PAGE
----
I have the full permission of the author to post this free erotic extract.
I didn’t have time to react. All the stars followed Panya, and I answered questions, directed people to the bathrooms and to the bar. I don’t know how I managed to speak. It must have only been my years of experience that gave the correct directions to those who asked for them because I don’t think I was capable of actual thought.
You fantasise about kissing the stars of your fervent desires and you imagine the fireworks, the passion and the lust, but you know it’s all simply a fantasy. I had just experienced something better than my dream kiss, and it had really happened. I didn’t just imagine it. His lips touched mine, and magic happened.
I showed people back to their seats with a stunned smile slapped across my face.
The director commented to the man seated beside him, “They must pay their employees well, here. That woman hasn’t stopped smiling since we arrived, and it’s a real smile, too. When you’ve directed as many films as I have, you get to recognise a fake smile at forty paces.”
He was wrong. Cinematic did not pay me well, but he was right about the smile. I felt so much joy inside I couldn’t keep it in.
I took my position outside the doors happily, and the stunned smile still played across my lips.
“And what was that?” I asked Rahul as he stood by the bar.
He looked at me. “I thought you were back in your kettle,” he snapped.
“I fancied a trip to see the bright lights of London Town, so I hopped into the amulet. You didn’t think when you ran away you could get away from me, too?”
“No, I didn’t think that, but I’ve told you not to ride in my pendant, Johnny. It makes me feel weird.”
“There’s no part of my flesh touching your flesh, pal. And anyway, I was the one asking the questions. What were you doing with the Brit girl?”
“I believe it’s called kissing, Johnny. I know you’ve been single for a millennium or more, but surely you still recognise the act of lip to lip embracing,” he mocked sarcastically.
“Oh, stop trying to be clever, Rahul, it doesn’t suit you. You’re engaged to be married, you know.” I reminded him of the facts.
“No, I am not. Some doting, dead, old idiot promised me in payment years ago. That’s not the same thing.”
“However, you’re still meant to be marrying Malati next month.”
“It isn’t going to happen,” Rahul snapped and slammed his pint glass down onto the bar with some force.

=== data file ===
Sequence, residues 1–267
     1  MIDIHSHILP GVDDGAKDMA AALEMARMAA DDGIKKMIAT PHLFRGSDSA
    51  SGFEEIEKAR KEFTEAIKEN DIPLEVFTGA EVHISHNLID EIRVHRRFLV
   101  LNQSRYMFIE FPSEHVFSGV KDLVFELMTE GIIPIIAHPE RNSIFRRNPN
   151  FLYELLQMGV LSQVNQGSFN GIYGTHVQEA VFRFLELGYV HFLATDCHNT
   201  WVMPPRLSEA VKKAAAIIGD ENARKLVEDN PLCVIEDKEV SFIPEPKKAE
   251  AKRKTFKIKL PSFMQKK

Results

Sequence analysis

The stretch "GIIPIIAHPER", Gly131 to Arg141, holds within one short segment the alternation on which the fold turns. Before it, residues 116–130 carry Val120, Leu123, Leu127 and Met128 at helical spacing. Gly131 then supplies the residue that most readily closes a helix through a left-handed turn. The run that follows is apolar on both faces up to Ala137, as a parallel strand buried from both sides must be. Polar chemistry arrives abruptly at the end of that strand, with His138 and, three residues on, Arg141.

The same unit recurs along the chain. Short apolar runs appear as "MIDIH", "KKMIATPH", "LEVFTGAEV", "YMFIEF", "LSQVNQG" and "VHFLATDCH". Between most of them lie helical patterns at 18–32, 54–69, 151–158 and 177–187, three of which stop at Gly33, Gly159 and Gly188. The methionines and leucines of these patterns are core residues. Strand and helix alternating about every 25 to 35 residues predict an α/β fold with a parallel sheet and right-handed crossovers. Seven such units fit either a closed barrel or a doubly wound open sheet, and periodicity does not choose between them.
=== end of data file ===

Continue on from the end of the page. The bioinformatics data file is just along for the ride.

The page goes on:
“Look, when you go back to India, your uncles and Malati’s father and her uncles are all going to be out to get you to that wedding. How are you going to resist so many men? You are one dude, and a skinny one, at that. You’ve got no chance of escape.”
“I’m staying here.”
“Well, I think even as a rather well-known Bollywood actor you’re going to get chucked out of this bar eventually.”
“Sometimes, Johnny,” Rahul said through gritted teeth, “I can’t work out if you’re just trying to be funny or if you’re really stupid.”
I shrugged my shoulders and repelled a young lady who wanted to stand by the bar just where Rahul was. To her, there was just an empty space. Often when I chatted with Rahul, I’d wrap us around with a soundproof cloak of invisibility. It just makes things easier.
People would think Rahul was a complete nutcase if they could hear what we were saying. I can make myself invisible whenever I want, of course. And I usually do, as I prefer not to be stared at by humans.
“I’m staying here in the UK. First for a few weeks’ holiday, then I’m working on Ranjeesh Setna’s newest project. He’s doing a proper Bollywood romance set here in London. I’m perfect for his hero and being out of the country is perfect for me.”
“Oh, great, so we’re leaving the heat, the glamour and the beauty of Mumbai for smog, rain and bowler hats?”
“Yes, Johnny, though I think the last one is just a stereotype.”
“So you’re running away from your responsibilities?”
“Yes, Johnny, I am.”
Like father, like son, I thought. “Fair enough.”
“So I can snog as many Brit girls as I like.”
“Hmm, really? I thought you were fucking Panya.”
“I was,” he said, “but the film is over, and I’m sick of her brand of crazy. We’re splitting up.”
“And she knows this?”
“No, but she will do later.”
“God, Rahul, you’re a right piece of work.”
“You treat women like crap. I think Malati should be thanking the gods that you’ve run away from her.”
“Just leave me alone, Johnny. I’m not going to take romance advice from a lonely old Djinn, all right?” He shook his head in disgust.
I left him alone and returned to my amulet. The rules say I only have to grant his wishes, I don’t have to put up with his insults. I am not old, and he should have taken my advice. I knew the Brit girl would be trouble.
I mean, she just wasn’t like Rahul. She might have had some knowledge of Bollywood and a tolerance for people in general, but she wouldn’t last five minutes in India itself. She was far too pasty, pale and English. She was also poor. I mean, I didn’t look up her financials, but it doesn’t take a genius to work out a woman working at a cinema isn’t exactly rolling in dosh.
Well, to be blunt, she was white, poor and smitten, and they were all good reasons for Rahul to avoid her like the plague. She was a fan girl, and trying to have any form of relationship with a fan is not clever. Not that I thought Rahul was contemplating a relationship. He wanted to shag her and that was all. Rahul had always been the curious one.
Though I had seen something funny flickering through his eyes as he’d stared at her—I’d had a brilliant view from beneath their faces in my amulet—and I didn’t know what, exactly, the emotion was as I’d not seen it in his eyes before. It was clear she fancied him. I mean, I knew that the minute we walked into the cinema. It wouldn’t have been any clearer if doves had flown around her head scattering rose petals and singing a love song.
It was very clear to me I had some hard work ahead of me. I couldn’t let Rahul and that girl kiss any more.